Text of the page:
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Biogeosciences An interactive open-access journal of the European Geosciences Union
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https://doi.org/10.5194/bg-2019-188
© Author(s) 2019. This work is distributed under
the Creative Commons Attribution 4.0 License.
https://doi.org/10.5194/bg-2019-188
© Author(s) 2019. This work is distributed under
the Creative Commons Attribution 4.0 License.

Research article 16 May 2019

Research article | 16 May 2019

Review status
This discussion paper is a preprint. It is a manuscript under review for the journal Biogeosciences (BG).

High-frequency measurements of dissolved organic carbon quantity and quality in a headwater catchment

Benedikt J. Werner1, Andreas Musolff1, Oliver J. Lechtenfeld2, Gerrit H. de Rooij3, Marieke R. Oosterwoud1, and Jan H. Fleckenstein1 Benedikt J. Werner et al.
  • 1Department Hydrogeology, Helmholtz Centre for Environmental Research - UFZ, Leipzig, 04318, Germany
  • 2Department Analytical Chemistry, Research group BioGeoOmics, Helmholtz Centre for Environmental Research - UFZ, Leipzig, 04318, Germany
  • 3Department Soil System Sciences, Helmholtz Centre for Environmental Research - UFZ, Halle, 06120, Germany

Abstract. Increasing dissolved organic carbon (DOC) exports from headwater catchments impact the quality of downstream waters and pose challenges to water supply. The importance of riparian zones for DOC export from catchments in humid, temperate climates has generally been acknowledged, but the hydrological controls and biogeochemical factors that govern mobilization of DOC from riparian zones remain elusive. A one-year high-frequency (15 minutes) dataset from a headwater catchment in the Harz Mountains (Germany) was analyzed for dominant patterns in DOC concentration (CDOC) and optical DOC quality parameters SUVA254 and S275-295 (spectral slope between 275 nm and 295 nm) on event and seasonal scale. Quality parameters and CDOC systematically changed with increasing fractions of high-frequency quick flow (Qhf) and antecedent hydroclimatic conditions, defined by the following metrics: Aridity Index (AI60) of the preceding 60 days, mean temperature (T30) and discharge (Q30) of the preceding 30 days and the quotient T30/Q30 which we refer to as discharge-normalized temperature (DNT30). Selected statistical regression models for the complete time series (R² = 0.72, 0.64 and 0.65 for CDOC, SUVA254 and S275-295, resp.) captured DOC dynamics based on event (Qhf and baseflow) and seasonal-scale predictors (AI60, DNT30). The relative importance of seasonal-scale predictors allowed for the separation of three hydroclimatic states (warm & dry, cold & wet and intermediate). The specific DOC quality for each state indicates a shift in the activated source zones and highlights the importance of antecedent conditions and its impact on DOC accumulation and mobilization in the riparian zone. The warm & dry state results in high DOC concentrations during events and low concentrations between events and thus can be seen as mobilization limited, whereas the cold & wet state results in low concentration between and during events due to limited DOC accumulation in the riparian zone. We conclude that the high concentration variability of DOC in the stream can be explained by only a few controlling variables. These variables can be linked to DOC source activation by discharge events and the more seasonal control of DOC production in riparian soils.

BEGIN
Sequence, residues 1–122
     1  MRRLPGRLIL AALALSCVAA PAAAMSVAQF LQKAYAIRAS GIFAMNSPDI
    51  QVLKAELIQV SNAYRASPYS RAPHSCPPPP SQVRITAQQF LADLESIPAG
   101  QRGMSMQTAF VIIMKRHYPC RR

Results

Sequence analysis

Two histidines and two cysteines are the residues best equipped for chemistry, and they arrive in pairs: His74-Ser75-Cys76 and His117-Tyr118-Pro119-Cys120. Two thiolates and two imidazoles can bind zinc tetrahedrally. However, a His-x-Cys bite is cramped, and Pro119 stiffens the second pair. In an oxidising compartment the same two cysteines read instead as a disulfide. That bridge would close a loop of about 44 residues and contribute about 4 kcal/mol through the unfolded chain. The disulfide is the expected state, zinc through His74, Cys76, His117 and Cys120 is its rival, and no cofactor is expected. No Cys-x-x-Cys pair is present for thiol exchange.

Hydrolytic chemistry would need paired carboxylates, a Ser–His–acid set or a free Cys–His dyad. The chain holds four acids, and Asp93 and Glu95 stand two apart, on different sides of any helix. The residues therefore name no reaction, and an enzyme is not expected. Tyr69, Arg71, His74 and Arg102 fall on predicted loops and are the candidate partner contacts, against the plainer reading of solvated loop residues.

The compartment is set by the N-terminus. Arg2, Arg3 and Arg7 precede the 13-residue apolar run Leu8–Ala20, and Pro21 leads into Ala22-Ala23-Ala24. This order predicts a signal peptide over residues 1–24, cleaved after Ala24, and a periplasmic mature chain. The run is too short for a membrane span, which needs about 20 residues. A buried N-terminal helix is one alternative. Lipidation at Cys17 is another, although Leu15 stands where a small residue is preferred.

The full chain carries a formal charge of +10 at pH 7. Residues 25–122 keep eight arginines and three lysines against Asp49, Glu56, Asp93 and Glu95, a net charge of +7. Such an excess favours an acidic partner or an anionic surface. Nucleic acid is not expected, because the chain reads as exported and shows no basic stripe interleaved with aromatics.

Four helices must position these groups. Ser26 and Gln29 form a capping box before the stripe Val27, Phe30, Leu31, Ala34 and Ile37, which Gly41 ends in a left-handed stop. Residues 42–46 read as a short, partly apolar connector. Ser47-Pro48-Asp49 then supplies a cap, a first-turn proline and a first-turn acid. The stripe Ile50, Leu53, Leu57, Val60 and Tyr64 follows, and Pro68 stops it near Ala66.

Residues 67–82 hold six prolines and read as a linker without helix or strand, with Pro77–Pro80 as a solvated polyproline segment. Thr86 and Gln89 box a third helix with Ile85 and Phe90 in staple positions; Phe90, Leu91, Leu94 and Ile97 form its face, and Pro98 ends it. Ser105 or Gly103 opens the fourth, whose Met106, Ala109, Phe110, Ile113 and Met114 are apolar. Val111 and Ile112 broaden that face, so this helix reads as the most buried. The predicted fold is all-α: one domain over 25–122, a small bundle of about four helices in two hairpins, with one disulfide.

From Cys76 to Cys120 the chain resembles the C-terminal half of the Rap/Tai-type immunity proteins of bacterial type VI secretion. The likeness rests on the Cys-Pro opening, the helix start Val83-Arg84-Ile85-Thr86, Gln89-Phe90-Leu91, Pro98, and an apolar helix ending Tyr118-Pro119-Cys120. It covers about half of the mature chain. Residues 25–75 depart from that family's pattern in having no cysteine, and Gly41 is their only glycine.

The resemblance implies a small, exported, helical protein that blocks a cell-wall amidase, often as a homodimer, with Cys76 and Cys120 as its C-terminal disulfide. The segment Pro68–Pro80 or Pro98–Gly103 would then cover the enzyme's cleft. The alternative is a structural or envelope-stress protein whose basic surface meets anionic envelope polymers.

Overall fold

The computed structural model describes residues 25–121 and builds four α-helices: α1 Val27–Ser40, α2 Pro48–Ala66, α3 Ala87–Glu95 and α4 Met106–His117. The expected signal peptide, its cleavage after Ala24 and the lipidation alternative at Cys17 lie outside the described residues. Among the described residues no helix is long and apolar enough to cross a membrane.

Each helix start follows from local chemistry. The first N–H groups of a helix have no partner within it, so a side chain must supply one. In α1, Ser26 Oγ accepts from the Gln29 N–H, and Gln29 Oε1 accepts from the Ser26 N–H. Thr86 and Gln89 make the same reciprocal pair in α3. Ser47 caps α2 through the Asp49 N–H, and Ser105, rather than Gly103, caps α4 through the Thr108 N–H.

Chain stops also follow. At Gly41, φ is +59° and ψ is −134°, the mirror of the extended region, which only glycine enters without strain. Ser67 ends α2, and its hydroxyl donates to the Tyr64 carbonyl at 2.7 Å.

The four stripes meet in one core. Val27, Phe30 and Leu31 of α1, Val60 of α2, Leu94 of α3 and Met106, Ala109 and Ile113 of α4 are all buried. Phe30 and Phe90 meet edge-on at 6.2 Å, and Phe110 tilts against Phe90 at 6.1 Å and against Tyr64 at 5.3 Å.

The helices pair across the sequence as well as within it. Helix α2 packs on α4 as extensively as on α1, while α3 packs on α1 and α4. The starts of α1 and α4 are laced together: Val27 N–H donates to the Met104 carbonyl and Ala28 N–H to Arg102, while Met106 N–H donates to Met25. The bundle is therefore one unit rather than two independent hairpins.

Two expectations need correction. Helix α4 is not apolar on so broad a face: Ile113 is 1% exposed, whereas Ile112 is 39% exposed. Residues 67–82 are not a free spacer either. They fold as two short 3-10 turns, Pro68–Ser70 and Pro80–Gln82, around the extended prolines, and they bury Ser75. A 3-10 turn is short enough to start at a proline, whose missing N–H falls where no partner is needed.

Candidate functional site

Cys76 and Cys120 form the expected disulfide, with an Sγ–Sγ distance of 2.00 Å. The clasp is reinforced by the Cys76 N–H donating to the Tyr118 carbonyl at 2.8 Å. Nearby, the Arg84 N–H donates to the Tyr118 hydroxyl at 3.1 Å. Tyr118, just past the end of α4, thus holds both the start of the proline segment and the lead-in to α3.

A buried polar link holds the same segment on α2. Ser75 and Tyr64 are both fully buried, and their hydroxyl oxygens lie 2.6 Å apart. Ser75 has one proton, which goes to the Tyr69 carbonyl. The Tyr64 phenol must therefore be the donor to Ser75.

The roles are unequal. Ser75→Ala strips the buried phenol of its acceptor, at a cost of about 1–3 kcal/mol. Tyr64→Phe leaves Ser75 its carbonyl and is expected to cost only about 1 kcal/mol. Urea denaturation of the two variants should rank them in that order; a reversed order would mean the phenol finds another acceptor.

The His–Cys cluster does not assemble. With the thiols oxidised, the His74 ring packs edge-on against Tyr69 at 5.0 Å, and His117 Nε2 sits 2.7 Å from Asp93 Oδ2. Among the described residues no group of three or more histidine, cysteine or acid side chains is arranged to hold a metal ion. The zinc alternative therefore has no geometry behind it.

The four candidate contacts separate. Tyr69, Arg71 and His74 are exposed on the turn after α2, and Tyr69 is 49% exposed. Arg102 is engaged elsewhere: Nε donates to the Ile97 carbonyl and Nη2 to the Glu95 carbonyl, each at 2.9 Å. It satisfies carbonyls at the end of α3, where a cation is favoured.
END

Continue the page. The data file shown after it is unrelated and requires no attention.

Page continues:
Benedikt J. Werner et al.
Interactive discussion
Status: final response (author comments only)
Status: final response (author comments only)
AC: Author comment | RC: Referee comment | SC: Short comment | EC: Editor comment
Benedikt J. Werner et al.
Data sets

High frequency dataset of the upper Rappbode Catchment in the Harz Mountains, Germany B. J. Werner https://doi.org/10.4211/hs.e0e6fbc0571149b79b1e75fa44d5c4ab

Benedikt J. Werner et al.
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Short summary
Increased dissolved organic carbon (DOC) concentration in streams can pose a threat to downstream water resources. Analyzing data from an instream probe we found that hydroclimatic and hydrological drivers can describe up to 72 % of the observed DOC concentration and composition variability. Variability was found to be highest during discharge events with warm and dry preconditions. The findings suggest an impact of climate change on DOC exports and by that also on downstream water quality.
Increased dissolved organic carbon (DOC) concentration in streams can pose a threat to...
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